And as we busy ourselves in and around the Squaw Valley Olympic Village prior to the race start, he knows it. He also knows that he is not alone — that hundreds of our friends back home in Chicago and across the world are following his steps via Facebook, Twitter and the Western States ultracast where his splits will be updated live, for all to see. A simple upload of his smiling face causes my phone to blow up, even at 4:30 in the morning.

A few nervous hugs, high fives and fist bumps later, Meret and I walk him to the start line then make our way a few hundred meters up the trail to record THIS.

IT’S REALLY HAPPENING NOW!!!

While the runners are well on their way to their first bout of suffering, tackling the monstrous escarpment climb of Emigrant Pass, Meret and I make our way back to the car. Still immersed in darkness, we go back to the hotel to stock the car with the day’s provisions before heading out on I-80 towards our first stop of the day: Robinson Flat, 29.7 miles in to the race.

During this 2+ hour drive through the scenic high country, I confess to Meret — an accomplished professional flutist and music educator — my continual obsession with the music of Johann Sebastian Bach. She is quite sympathetic and for once, I am able to have a long conversation about Bach, Albinoni and Vivaldi, freely discussing my love of the Baroque period without feeling like an obnoxious jackass.

Meret and I make a good crew team and she is going to do great today. I can already tell. My thoughts are validated when she says:

Siamak says this is going to be great because you have a lot of experience and I am, as he says, very conscientious.

Conscientiousness is a must and I further explain the time-tested acronym of C.R.E.W. (crabby runner, endless waiting) to Meret so that she knows what to possibly expect later on. Lucky for us, our runner is Siamak Mostoufi — one tough dude rarely seen without a smile on his face.

Robinson Flat, Mile 29.7

Meret and I reach Robinson Flat sometime around 9 a.m. and set up our mini-aid station at the bottom of the hill, next to where the runners exit and head back onto the Western States trail. We get there in time to see the leaders come through: Tim Olson, Rob Krar, Hal Koerner, Karl Meltzer and many more make their way through this colossal aid station to the roars, claps and whistles of the following crowd.

Wow, that is so cool, I couldn’t help but think to myself while watching the leaders pass through, exchanging bottles and aid with their individual crews like formula one drivers. This is some serious ultrarunning!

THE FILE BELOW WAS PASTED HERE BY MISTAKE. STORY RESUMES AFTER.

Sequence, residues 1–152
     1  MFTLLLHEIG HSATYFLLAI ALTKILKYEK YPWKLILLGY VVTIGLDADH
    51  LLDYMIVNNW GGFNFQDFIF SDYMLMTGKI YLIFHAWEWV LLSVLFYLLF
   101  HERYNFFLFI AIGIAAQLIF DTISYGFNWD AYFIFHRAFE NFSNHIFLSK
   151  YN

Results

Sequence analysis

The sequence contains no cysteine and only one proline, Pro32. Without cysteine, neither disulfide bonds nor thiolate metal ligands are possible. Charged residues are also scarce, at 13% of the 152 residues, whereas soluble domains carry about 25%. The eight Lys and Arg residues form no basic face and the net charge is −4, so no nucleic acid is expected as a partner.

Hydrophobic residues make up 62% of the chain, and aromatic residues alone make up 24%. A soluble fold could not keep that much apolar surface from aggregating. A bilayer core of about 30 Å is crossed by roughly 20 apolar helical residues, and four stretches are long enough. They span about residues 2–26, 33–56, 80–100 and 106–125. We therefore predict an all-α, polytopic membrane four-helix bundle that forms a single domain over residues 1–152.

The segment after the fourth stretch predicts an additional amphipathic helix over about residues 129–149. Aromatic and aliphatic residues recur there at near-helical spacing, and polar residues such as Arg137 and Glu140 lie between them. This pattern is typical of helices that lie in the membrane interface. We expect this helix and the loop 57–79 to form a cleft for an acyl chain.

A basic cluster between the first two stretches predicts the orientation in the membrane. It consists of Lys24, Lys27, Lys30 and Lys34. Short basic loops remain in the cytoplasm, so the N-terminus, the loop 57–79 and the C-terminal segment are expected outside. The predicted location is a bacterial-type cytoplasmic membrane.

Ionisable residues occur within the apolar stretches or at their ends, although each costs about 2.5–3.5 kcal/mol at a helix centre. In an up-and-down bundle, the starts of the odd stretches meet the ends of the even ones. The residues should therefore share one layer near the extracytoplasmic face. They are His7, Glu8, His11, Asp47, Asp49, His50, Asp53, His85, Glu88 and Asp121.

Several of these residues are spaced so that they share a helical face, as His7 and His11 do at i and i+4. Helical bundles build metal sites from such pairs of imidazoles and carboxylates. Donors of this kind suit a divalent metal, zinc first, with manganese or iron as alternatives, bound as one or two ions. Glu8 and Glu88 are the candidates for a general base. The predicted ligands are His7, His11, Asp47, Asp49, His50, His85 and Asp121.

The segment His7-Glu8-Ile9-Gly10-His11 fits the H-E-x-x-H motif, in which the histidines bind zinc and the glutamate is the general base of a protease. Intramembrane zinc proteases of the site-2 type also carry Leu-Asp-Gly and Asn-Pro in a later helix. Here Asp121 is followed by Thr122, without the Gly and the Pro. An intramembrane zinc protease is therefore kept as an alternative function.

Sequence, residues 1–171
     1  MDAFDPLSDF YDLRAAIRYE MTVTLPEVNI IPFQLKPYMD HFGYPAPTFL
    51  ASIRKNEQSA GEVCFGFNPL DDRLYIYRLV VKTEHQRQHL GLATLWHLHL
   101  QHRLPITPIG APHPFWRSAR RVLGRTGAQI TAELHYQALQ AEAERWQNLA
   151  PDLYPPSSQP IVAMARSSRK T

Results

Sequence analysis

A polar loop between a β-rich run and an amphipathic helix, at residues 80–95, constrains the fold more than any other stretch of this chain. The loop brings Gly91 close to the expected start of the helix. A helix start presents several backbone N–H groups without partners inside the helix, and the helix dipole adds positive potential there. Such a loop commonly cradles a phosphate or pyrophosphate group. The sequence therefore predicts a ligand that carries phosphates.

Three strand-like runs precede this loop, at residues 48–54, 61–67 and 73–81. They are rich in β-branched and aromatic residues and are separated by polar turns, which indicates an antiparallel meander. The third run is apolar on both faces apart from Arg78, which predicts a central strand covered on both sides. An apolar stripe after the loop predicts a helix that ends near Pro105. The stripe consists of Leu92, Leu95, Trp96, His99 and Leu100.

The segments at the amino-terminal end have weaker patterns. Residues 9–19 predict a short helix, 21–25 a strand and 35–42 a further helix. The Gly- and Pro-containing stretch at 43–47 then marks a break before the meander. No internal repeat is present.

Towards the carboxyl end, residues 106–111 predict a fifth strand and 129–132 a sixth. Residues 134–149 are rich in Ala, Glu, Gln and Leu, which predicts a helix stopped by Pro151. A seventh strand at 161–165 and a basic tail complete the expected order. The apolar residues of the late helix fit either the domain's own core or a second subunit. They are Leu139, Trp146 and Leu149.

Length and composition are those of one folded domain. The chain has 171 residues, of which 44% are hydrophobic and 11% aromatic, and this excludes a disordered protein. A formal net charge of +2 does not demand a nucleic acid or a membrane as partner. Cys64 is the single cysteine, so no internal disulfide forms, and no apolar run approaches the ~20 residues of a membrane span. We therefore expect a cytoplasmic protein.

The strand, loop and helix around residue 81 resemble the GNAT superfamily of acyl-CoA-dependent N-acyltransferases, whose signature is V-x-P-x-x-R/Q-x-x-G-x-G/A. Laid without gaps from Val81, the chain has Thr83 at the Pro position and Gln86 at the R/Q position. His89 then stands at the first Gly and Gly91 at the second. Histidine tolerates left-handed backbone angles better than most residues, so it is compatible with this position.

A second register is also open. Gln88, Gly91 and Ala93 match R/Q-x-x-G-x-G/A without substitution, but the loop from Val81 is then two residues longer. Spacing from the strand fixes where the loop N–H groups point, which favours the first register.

Following the elites is a steady string of runners, mostly of the hot and sweaty variety, as the Robinson Flat aid station is preceded by quite a a bit of long, steady climbing in exposed high country where the elevation and intense morning sun beats down on all those underneath. Most folks have covered themselves in white clothing: white hats, white shirts, white bandanas. And the smart ones, Siamak included, have been busy dousing themselves with cold water at every opportunity.

I wait at the top of the hill, close to the check-in area while Meret remains with our stuff at the bottom. Our plan is for me to make contact with Siamak as he comes in, to find out what he needs while he’s being weighed and attended to by race officials, then run down the hill to help Meret prepare whatever it is he needs.

It’s been several hours since we have seen him, and with the way I’m pacing back and forth, my eagerness to check in on him is obvious. Finally, amid the crowd of runners, spectators and crew, I see his white shirt and blue shorts emerge from the visible heat waves off in the distance.

Here he comes! I scream.

Couldn’t miss him, since his smile has hardly waned since 5 a.m.

What do you need? I hurriedly ask at the top of the hill.

Gels, amino powder, grapefruit juice, maybe some ice, he says.

Cool. We’re at the bottom of the hill on your left, I say as I dart down the hill to Meret where we rush to prepare the spread. Sifting through the enormous plastic bag of gels Siamak packed, I can’t help but think nauseous thoughts. In running, we are all an experiment of one, that much I know. But I also know my experimentation with solely gel-based nutrition during ultra events has not been good, so I tip my cap to my runner thinking he must truly have an iron belly, which is not a bad thing to have in an event like this.

Meret’s first look at her boyfriend after several hours of sweat and toil seems to go over just fine. They hug and speak briefly as we try to get an understanding of what he has run so far.

It’s hot, he says. Very hot.

Yep. In fact, today is going to go down as the second hottest Western States 100 on record, ever.

We waste little time in debriefing and instead get him everything he needs before setting out again for another long, hot stretch. I give him a pat on the back, Meret gives him a kiss and then off he goes, back into the wilderness, towards Miller’s Defeat.

Hmm… that was a salty kiss! Meret says.

Oh yeah, I forgot to warn you, another given in ultrarunning is, well, the runner is always going to smell bad.

We have a chuckle then pack up the gear and schlepp our way back towards the car.

Michigan Bluff, Mile 55.7